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I was wondering what to do with the following non-normal distribution of residuals of my multiple regression.

enter image description here

Normal Q_Q Plot of standardized residuals

Normality test of standardized residual

                    Shapiro-Wilk        
           Statistic: ,955 df: 131 Sig: ,000

According to the Shapiro-wilk test the normality test fails. However, after excluding the outlier located at the left bottom of the graph, I get these test results:

Normality test of standardized residual

                    Shapiro-Wilk        
           Statistic: ,980 df: 130 Sig: ,055

What are my options when the residuals don't have a normal distribution? Is it for example alright to remove outliers in order to achieve a normal distribution?

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    $\begingroup$ Do you have multiple X variables & a single Y variable, or do you have multiple Y variables? Note that the former is "multiple regression", & the latter is "multivariate regression". Under the assumption that your situation is of the former type, I changed your phrasing. $\endgroup$ – gung - Reinstate Monica Jul 28 '15 at 21:39
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    $\begingroup$ Residuals are never normally distributed, and I frankly don't think it matters much. See how well the model predicts new observations; that should be your criterion for how you judge the quality of fit. You might consider removing outliers to improve this fit, but not to achieve normality. $\endgroup$ – dsaxton Jul 28 '15 at 21:47
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    $\begingroup$ You can just go ahead and delete the outliers, so long as you have a crystal ball which magically recognizes when the real world situation would have an outlier, and therefore advises you not to apply your model to make predictions in such circumstances. Bonus points if you are using your fitted model for risk calculations, in which the behavior in the tails is all that matters - in such case, pesky outliers can be deleted, and now the risk of a bad outcome becomes very low and acceptable - that's what's called risk management. :) $\endgroup$ – Mark L. Stone Jul 29 '15 at 0:04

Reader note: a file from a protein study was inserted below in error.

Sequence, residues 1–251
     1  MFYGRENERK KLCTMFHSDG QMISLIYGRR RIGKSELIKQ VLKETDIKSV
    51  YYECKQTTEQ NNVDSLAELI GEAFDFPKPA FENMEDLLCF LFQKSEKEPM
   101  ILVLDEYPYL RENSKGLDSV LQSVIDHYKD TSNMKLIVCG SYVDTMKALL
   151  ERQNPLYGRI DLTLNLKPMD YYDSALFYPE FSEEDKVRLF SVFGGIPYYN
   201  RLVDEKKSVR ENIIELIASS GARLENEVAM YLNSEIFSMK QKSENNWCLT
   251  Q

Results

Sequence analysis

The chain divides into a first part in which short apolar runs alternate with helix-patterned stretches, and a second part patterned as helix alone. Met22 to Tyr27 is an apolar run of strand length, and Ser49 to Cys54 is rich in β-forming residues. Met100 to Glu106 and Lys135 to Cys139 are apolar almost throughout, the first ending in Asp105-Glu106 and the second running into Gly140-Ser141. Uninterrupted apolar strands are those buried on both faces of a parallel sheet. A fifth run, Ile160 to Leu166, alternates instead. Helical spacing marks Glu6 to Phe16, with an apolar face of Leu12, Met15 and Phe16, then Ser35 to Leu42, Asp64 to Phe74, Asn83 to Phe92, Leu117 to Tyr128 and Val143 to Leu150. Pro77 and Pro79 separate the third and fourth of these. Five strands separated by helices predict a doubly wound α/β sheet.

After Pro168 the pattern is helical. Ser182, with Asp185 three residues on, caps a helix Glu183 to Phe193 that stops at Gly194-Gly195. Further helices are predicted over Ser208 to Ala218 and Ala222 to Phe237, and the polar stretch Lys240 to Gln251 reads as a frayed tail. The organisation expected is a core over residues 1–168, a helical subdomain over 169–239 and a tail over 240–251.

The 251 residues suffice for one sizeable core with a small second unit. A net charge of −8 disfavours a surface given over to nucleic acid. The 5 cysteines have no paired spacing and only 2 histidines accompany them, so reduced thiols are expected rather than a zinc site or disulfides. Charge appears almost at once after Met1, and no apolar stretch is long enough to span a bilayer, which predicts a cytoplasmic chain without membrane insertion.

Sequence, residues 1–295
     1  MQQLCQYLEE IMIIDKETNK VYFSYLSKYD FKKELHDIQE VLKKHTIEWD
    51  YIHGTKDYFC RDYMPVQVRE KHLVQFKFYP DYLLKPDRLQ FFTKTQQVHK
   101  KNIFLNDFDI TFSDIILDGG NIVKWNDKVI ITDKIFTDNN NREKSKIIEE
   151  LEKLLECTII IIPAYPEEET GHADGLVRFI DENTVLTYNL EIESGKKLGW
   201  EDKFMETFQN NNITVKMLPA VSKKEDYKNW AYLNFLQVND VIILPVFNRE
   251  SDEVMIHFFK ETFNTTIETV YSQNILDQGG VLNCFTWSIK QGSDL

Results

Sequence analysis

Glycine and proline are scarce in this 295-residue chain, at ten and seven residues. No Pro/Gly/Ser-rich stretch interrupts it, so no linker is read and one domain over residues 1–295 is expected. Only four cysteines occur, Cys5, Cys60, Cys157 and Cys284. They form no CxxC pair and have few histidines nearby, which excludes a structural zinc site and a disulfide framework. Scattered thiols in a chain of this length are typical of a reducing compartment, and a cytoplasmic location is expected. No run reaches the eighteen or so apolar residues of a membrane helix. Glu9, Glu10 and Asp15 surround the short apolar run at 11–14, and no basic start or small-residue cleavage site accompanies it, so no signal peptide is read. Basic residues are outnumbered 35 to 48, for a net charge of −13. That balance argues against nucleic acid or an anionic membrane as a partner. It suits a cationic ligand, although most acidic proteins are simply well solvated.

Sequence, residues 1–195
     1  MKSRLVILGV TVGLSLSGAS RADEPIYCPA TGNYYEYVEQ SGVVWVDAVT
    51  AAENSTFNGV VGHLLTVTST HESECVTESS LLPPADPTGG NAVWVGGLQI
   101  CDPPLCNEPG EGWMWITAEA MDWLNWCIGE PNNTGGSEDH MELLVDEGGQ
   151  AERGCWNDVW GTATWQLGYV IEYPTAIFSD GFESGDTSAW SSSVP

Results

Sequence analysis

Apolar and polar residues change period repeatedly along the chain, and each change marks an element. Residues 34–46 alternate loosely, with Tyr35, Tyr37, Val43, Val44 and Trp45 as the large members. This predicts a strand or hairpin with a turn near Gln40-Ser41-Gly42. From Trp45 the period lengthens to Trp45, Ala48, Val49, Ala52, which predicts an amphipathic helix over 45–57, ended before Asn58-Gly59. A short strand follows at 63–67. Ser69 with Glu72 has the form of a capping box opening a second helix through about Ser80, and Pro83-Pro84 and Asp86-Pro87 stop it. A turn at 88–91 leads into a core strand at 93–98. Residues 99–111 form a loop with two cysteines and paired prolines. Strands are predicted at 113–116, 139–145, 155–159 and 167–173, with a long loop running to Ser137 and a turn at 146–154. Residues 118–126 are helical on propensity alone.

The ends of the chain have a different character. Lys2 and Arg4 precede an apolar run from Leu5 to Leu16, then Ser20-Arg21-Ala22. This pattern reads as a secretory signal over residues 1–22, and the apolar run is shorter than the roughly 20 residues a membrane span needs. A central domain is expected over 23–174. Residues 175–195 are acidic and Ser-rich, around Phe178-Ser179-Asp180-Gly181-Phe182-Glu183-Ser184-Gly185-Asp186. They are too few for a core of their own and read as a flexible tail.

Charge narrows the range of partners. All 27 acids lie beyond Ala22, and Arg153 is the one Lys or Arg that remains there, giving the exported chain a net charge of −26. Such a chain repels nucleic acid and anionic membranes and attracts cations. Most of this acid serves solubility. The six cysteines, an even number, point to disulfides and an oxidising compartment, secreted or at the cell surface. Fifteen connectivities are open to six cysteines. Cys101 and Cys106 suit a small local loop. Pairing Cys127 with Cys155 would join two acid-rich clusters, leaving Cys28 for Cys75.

• $\begingroup$ It is a multiple regression indeed, thanks for adjusting. @ Dsaxton, could you clarify "residuals are never normally distributed"? Because I believe this is a assumption that has to be met in a multiple regression? $\endgroup$ – user83520 Jul 29 '15 at 10:29
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  1. You should not remove outliers just because they make the distribution of the residuals non-normal. You may examine the case that has that high residual and see if there are problems with it (the easiest would be if it is a data entry error) but you must justify your deletion on substantive grounds.

  2. Assuming there is no good reason to remove that observation, you can run the regression with and without it and see if there are any large differences in the parameter estimates; if not, you can leave it in and note that removing it made little difference

  3. If it makes a big difference, then you could try robust regression, which deals with outliers or quantile regression, which makes no assumptions about the distribution of the residuals. I am a fan of quantile regression, which I think is very underutilized.

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@PeterFlom has made some good points here. I agree with his three points and his plan of action. Let me clear up one remaining issue:

You are correct to note that only the residuals need to be normally distributed. However, @dsaxton is also right that in the real world, no data (including residuals) are ever perfectly normal. Thus what you really need are residuals that are 'normal enough'. If the population distribution of errors is very close to normal (which is implied by your qq-plot once the outlier is accounted for), then the central limit theorem implies that the sampling distribution of your betas will converge to the normal as $N$ increases. So although your data are still nearly significant even with the outlier excluded, I think you will be fine following @PeterFlom's advice. You may be interested in reading this excellent CV thread: Is normality testing 'essentially useless'?

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